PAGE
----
Lydia agreed that medicine, for her, is also a calling. “I really felt God calling me into this field. It’s hard work, all this time and effort that I have put into it. It’s a really hard lifestyle, harder than what I ever thought. If I hadn’t felt a real calling, then I know I wouldn’t have been as happy.” After med school graduation, Lisa remained at Vanderbilt for her residency, while Lydia headed to the University of Cincinnati in Ohio for her residency in orthopaedic surgery. She followed that up with a fellowship in sports medicine at the Andrews Institute in Gulf Breeze, Fla. – a prestigious appointment that resulted in a job offer … but Lydia came home. She is affiliated with Tennessee Orthopaedic Alliance, while Lisa is affiliated with Murfreesboro Medical Clinic.

The women approach their professional days in similar ways. Both visit their hospitalized patients at MTMC first thing in the morning, and then divide their days between clinic hours and surgery. “We are so busy here at this hospital,” Lydia said. “This ER sees a lot of trauma, much more than I was expecting. I’ve been surprised and really pleased with how much comes through the emergency room, because I really like doing trauma surgery.”

Both women credit their parents with setting them on successful paths. “They have been our driving force,” Lisa said, and Lydia added, “They have always been so supportive of anything that we ever wanted to do, giving us good guidance.” While instilling their daughters with compassion and drive, Mr. and Mrs. White are also guilty of instilling something else in their children: a travel bug. “We’ve been all over the U.S. because our parents were so sweet about taking us on family vacations. It’s so hard to take a family vacation with three kids,” Lydia said. “Those are good memories.”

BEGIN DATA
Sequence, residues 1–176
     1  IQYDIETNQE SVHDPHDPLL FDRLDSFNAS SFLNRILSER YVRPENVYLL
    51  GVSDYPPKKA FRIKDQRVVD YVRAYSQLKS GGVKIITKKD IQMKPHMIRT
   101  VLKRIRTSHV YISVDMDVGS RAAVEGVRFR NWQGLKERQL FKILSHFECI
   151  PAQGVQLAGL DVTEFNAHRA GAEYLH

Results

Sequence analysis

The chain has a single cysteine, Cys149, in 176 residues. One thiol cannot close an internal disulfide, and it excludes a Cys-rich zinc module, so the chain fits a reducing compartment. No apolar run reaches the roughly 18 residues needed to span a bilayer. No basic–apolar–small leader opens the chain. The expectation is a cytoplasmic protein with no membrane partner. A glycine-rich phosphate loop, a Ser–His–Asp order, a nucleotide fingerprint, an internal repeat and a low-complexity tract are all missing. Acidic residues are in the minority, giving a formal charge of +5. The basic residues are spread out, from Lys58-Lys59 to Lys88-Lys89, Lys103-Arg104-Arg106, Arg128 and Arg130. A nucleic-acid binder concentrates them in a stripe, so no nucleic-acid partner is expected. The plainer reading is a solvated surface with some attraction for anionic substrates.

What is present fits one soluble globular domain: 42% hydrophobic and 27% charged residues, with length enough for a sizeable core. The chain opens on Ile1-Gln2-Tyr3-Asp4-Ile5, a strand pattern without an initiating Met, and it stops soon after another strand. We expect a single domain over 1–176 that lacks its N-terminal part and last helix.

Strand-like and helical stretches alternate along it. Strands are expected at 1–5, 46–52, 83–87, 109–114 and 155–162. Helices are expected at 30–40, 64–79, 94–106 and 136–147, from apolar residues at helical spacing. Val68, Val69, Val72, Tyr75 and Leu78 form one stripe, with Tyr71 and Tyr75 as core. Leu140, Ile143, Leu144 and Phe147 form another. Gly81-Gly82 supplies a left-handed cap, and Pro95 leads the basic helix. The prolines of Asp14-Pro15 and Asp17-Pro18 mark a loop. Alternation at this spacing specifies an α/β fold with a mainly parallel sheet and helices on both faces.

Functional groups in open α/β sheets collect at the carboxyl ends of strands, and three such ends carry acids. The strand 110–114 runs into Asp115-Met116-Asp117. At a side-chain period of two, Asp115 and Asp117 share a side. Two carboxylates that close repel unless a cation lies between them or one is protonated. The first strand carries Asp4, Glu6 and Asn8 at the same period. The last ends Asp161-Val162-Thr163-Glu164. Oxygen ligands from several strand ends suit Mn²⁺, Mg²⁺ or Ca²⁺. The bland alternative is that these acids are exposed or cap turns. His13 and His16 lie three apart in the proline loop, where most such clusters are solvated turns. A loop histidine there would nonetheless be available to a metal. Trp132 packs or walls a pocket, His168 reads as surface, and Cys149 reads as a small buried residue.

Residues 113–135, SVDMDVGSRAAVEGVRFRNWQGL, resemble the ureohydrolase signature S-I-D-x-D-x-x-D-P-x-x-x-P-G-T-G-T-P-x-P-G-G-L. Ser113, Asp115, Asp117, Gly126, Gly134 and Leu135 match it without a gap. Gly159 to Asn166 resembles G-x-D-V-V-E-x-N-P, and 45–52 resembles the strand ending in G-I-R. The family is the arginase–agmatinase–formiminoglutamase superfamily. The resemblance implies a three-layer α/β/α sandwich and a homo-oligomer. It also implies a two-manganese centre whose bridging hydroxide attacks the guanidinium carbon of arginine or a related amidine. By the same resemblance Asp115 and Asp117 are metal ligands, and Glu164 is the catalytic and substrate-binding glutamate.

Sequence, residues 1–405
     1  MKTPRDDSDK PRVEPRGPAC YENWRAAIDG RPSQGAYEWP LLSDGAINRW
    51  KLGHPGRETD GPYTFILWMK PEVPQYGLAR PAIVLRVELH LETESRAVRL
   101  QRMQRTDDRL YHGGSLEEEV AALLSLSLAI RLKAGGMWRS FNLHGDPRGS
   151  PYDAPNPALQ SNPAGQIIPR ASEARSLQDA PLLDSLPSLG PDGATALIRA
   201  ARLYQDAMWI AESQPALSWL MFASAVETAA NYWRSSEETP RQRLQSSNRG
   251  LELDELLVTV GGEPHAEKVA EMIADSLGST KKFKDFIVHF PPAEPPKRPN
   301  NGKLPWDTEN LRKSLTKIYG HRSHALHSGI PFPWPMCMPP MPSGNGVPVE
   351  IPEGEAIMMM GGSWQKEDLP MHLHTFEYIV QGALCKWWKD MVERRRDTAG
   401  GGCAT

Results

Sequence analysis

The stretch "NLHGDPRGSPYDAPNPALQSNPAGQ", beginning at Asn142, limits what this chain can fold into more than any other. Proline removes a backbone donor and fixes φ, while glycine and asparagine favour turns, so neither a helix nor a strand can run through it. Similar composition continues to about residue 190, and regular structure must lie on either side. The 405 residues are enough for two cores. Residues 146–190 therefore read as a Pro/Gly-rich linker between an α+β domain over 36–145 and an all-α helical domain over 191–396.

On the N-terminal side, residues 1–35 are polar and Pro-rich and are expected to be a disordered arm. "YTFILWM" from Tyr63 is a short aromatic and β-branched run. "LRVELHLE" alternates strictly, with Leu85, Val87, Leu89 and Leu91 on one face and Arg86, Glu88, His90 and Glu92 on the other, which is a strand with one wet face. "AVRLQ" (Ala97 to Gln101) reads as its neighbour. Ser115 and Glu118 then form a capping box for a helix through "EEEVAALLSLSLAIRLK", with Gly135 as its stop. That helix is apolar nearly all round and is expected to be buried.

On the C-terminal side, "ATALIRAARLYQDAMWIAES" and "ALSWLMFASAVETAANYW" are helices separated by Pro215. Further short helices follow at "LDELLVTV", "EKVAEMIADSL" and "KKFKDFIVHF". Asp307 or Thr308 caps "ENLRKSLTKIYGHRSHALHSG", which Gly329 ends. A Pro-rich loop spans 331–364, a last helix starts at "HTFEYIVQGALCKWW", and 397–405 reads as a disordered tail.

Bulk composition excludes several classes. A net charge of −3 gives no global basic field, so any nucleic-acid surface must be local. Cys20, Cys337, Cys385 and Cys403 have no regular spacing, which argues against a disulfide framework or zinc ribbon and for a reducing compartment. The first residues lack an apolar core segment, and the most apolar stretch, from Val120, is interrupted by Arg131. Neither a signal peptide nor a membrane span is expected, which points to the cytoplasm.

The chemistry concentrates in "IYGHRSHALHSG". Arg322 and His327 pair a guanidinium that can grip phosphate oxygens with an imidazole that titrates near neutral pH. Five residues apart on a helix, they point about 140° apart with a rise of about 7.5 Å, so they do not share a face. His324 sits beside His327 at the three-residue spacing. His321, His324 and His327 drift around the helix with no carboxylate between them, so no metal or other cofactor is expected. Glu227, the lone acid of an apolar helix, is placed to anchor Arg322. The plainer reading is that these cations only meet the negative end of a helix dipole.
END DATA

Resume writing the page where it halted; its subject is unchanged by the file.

What’s more, Lisa and Lydia are still making memories. When they graduated from Vanderbilt, they took Carol along for their first trip abroad. Traveling to Europe, the trio visited several countries, including France, England and Switzerland. When Carol was in Australia for a pharmacy rotation, her older sisters visited. These travelers also have been to Japan, served on a medical mission in Kenya and Tanzania, cruised down the Nile River and walked at the foot of th Great Pyramid, visited India’s Taj Majal and gone horseback riding in Peru. The result is that Murfreesboro’s two surgeons have been on six continents.

But there’s one more to go. In February, all three White daughters will board an adventure cruise ship destined for Antarctica. “We did a lot of research and decided now is the time to hit it, while we’re all single and none of us have kids. It’s a good time to go,” Lydia said.

One thing’s for certain: There will be two people on a farm in Pelham who’ll be excited for their daughters’ extraordinary travel opportunity … and glad when they get back

From PhysicianSpotlight, n a s h v i l l e m e d i c a l n e w s . c o m